Thursday, June 29, 2006

Jim Baen is dead

(No, not Jim Bean, Jim Baen.) He died on June 28, 2006 from a stroke on June 12.

From the notice at http://www.baen.com/:

Jim Baen was a founding partner of Baen Books, one of the largest independent publishers of popular fiction. Since its inception in 1984, Baen evolved to be one of the leading publishers of science fiction and fantasy, and in recent years a leader in electronic publishing and the fight against encrypted books.

Jim Baen started his career in publishing in the complaints department of Ace Books. He moved on to Galaxy magazine in 1973, where his editorial acumen turned the magazine into one of the leading short story venues of the day. He returned to Ace under publisher Tom Doherty to run the science fiction line. When Doherty left to found Tor Books, Jim went with him and established its science fiction line, purchasing its first 170 titles. In 1984 a deal with Simon and Schuster/Pocket Books gave Jim a chance to found his own independent company. S&S has distributed Baen Books ever since. Recently, Baen Books has enjoyed a string of New York Times bestsellers by such authors as David Weber, John Ringo and Eric Flint. Jim also personally worked with Jerry Pournelle, David Drake, Larry Niven, Charles Sheffield, Lois McMaster Bujold and many other authors who shaped the field of modern science fiction. In recent years Jim continued to develop a whole new generation of science fiction writers.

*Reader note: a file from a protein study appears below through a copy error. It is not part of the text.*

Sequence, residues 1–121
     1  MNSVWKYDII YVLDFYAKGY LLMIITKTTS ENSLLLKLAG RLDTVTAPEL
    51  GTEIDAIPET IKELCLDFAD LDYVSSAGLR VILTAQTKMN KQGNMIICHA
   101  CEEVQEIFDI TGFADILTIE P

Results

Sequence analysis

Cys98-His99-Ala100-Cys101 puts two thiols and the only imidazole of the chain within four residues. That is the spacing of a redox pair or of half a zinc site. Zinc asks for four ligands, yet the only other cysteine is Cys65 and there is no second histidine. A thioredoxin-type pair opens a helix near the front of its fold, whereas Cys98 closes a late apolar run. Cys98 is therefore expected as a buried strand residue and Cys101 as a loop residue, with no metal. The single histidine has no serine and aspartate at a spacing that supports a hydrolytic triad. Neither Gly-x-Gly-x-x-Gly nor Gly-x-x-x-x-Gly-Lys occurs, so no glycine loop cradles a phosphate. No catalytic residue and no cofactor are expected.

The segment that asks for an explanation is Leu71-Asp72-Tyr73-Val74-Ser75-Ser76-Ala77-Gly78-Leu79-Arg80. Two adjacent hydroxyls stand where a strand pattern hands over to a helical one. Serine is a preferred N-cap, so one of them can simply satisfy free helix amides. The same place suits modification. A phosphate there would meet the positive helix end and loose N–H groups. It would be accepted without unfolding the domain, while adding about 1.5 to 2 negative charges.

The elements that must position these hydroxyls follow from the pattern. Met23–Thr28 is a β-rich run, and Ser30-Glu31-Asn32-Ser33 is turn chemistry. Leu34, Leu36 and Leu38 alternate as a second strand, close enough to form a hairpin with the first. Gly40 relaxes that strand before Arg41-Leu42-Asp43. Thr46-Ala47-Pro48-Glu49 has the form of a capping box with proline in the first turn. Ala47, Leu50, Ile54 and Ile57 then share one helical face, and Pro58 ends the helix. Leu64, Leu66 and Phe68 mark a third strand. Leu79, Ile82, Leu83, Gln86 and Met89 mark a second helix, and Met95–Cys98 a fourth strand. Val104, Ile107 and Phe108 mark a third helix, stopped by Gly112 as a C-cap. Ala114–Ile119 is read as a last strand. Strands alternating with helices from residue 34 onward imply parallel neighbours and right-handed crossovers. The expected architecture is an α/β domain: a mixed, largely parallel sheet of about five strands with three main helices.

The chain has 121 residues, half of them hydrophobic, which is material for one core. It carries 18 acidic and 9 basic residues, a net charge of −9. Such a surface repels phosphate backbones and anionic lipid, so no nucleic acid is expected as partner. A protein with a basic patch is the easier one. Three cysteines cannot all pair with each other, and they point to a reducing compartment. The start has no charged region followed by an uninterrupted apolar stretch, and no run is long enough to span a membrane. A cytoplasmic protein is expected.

Friday, June 23, 2006

The Beginning Place

Ursula K. LeGuin

The Beginning Place is, essentially, a modern fairy tale. Hugh, a young man of about 20, finds escape from his dreary, everyday world as a supermarket checker when, one evening, he dashes from his house and finds a secluded, quiet stream where time seems to stop. Meanwhile, Irene, also about 20, who has been coming to the land beyond the stream for many years, discovers that Hugh has been using the spot for a reprieve from his life. Eventually, they must work together to save the land, called Tembreabrezi, from a growing fear that has crippled trade.

All in all, I enjoyed this book. It isn't the best book I've ever read, and it isn't the best of LeGuin's work. But, it has a certain charm that makes it worthwhile. The pace keeps up through the relatively short novel, but it has a dream-like quality to it (or, maybe it's just because I read it entirely on the plane, I dunno). Throughout, I couldn't help but think that it would be a perfect gay novel, trading Irene for another boy. It has just the perfect touch of sweetness and innocence to make it work, I think.

6-Player Cribbage

As played by the Lehr family

Sometimes, you really want to play a certain type of game, but you either have too many or too few players for the game. What do you do? Make up a variation, of course!

This variation is simple to execute, but can lead to different gameplay than usual.

Players: 6 (either three teams of two, two teams of three, or six players [try to find a board for that!])
Deal: Each player is dealt 5 cards, as with four players.
The Crib: Every player, except the dealer and the third player to the dealer's left (generally his partner, but not always) chooses one card from eir hand to put into the crib. The dealer and the 3rd player to his left each discard one card from eir hand.

Play then proceeds as normal with a turn card and the player to the dealer's left beginning play.

The biggest difference in gameplay is that the sixth player in the hand often doesn't have a chance to play in the first round of 31! Also, with three teams of two, you can't set your partner up for play after the next player, as in 4-player; instead, it is much more like three-player.